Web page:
The British Humanist Association recently announced that it is sending free copies of The Young Atheist’s Handbook to prisons and juvenile offender institutions across the UK. It’s not the first mass donation — the org has also given copies of The Young Atheist’s Handbook to secondary schools across England and Wales, and has raised money to donate copies to schools in Northern Ireland as well.
The book isn’t exactly an opposite-but-equal to the Bible — instead, it’s a memoir by Alom Shaha, sharing how, after being raised in a Muslim commmunity, he realized that he was not a believer, and how, as a young man, he sought a set of life principles and morals outside religion.
However, the distribution of The Young Atheist’s Handbook does represent a counter to the distribution of religious literature in prisons, schools, and other institutions. The British Bible Society, for instance, solicits donations to provide free Bibles to prisons. Literature pertaining to religion is often quite widely available, but similar literature in an atheist or humanist vein may be harder to come by.
The British Humanist Society’s Chief Executive Andrew Copson explained the donation.
“Prison libraries are full of religious texts and books about spirituality and overcoming adversity which take a religious point of view, but relatively few offer meaningful commentary on how to live a good life from a non-religious perspective.”
There is a similar program in the U.S., though it distributes atheist and humanist literature only on request, rather than en masse. It’s through Center for Inquiry, and provides books from a long list of titles.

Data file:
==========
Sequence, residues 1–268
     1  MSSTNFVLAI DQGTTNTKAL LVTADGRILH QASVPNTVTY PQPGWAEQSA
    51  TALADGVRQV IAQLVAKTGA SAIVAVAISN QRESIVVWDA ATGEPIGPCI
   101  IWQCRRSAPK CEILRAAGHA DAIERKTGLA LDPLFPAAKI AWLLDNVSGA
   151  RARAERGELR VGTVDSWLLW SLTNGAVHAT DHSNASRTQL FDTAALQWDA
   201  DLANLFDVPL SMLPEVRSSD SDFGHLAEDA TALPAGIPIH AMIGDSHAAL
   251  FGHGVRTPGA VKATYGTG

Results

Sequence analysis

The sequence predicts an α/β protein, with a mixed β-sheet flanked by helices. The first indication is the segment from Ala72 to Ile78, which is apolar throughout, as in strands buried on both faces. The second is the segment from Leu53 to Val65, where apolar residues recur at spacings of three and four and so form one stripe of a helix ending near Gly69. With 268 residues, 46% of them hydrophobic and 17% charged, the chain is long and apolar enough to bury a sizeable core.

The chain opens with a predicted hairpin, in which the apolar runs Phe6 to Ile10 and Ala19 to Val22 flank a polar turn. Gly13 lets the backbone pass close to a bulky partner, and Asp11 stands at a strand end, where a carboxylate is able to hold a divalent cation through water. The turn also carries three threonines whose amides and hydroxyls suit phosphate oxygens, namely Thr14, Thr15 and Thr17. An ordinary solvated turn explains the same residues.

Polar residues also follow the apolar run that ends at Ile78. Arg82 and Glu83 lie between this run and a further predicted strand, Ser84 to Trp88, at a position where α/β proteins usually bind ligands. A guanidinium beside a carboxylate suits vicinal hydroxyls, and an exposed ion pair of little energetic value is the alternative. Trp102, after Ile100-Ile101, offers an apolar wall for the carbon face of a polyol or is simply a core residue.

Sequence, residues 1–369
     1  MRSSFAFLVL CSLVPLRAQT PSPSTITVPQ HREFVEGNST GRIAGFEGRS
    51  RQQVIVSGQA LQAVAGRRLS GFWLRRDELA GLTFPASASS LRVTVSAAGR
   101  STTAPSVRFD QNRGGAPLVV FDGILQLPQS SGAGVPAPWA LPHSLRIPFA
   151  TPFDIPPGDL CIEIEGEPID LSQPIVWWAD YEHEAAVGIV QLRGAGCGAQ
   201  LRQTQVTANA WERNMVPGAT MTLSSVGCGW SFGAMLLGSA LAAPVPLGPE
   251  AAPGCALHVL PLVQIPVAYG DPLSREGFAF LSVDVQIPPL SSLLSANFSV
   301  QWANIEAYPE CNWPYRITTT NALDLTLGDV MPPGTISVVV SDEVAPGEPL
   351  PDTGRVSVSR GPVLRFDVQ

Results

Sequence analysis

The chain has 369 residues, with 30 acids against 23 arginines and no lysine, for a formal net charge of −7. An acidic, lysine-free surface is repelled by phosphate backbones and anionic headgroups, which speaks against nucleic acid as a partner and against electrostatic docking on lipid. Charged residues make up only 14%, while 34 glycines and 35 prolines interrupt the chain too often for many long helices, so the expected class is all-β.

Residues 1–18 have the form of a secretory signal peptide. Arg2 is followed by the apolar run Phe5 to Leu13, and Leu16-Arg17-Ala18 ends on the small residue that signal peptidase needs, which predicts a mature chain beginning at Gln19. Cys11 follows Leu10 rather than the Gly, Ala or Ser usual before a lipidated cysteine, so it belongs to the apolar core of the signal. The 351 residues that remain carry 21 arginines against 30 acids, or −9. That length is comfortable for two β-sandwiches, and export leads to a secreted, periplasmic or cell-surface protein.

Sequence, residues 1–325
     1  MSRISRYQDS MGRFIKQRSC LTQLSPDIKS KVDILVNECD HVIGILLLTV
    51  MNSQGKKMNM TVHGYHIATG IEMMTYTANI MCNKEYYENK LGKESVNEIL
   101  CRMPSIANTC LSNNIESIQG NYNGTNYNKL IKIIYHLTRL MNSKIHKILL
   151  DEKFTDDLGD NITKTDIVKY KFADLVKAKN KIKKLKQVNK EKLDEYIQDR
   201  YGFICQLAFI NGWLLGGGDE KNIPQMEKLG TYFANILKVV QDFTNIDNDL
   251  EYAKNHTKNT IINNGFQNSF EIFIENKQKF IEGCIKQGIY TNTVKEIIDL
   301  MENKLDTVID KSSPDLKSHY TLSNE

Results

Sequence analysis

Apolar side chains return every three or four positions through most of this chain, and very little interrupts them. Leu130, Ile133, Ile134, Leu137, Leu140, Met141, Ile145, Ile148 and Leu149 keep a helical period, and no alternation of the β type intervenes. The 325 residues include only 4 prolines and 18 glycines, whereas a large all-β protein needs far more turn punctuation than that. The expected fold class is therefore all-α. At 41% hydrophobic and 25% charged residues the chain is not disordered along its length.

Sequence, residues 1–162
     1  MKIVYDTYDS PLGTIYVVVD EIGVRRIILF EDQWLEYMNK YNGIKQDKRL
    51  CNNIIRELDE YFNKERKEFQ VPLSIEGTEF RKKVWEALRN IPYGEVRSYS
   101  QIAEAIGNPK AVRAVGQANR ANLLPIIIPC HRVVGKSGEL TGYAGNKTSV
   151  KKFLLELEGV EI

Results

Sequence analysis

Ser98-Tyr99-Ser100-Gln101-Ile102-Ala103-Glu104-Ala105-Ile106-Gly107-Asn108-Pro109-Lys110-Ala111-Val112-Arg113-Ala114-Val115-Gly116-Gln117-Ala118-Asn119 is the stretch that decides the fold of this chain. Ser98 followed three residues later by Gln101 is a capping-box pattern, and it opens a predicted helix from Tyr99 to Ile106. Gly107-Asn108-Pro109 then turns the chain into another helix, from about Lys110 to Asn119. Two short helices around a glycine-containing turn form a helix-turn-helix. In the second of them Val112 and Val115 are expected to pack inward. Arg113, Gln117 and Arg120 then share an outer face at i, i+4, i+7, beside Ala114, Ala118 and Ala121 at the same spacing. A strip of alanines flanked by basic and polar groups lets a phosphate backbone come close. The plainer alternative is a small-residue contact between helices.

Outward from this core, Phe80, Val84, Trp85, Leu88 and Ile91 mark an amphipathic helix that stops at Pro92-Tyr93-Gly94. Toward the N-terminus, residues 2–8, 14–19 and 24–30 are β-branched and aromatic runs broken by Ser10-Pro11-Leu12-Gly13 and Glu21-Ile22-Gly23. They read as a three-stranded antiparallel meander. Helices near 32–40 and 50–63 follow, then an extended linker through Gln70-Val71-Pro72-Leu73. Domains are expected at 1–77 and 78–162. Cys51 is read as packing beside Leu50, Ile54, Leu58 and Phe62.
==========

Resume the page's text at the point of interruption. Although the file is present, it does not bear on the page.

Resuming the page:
Is The Young Atheist’s Handbook — or any atheist-centered literature — needed in prisons? After all, we often hear how small the atheist population is within the prison system. Sure enough, the British prison system is similar to the American system in this: statistics released in 2008 and reported by the Telegraph show that less than 1 percent of the prison population identifies as atheist, with about the same number identifying as agnostic. (In the U.S., according to a FOIA response obtained by Hemant Mehta, atheists make up less than a tenth of a percent).
However, when seeking moral guidance and support, every individual, regardless of religious affiliation or lack thereof, should have access equally to support and information. By donating The Young Atheist’s Handbook, the British Humanist Association has made prisons a little more equal for those outside the majority belief systems.
There is a little criticism — on the organization’s Facebook page, there are accusations of forcing beliefs on prisoners by making The Young Atheist’s Handbook available in prison libraries — but for the most part, the donation appears to have been well-received.
[Photo via: YAH Just Giving]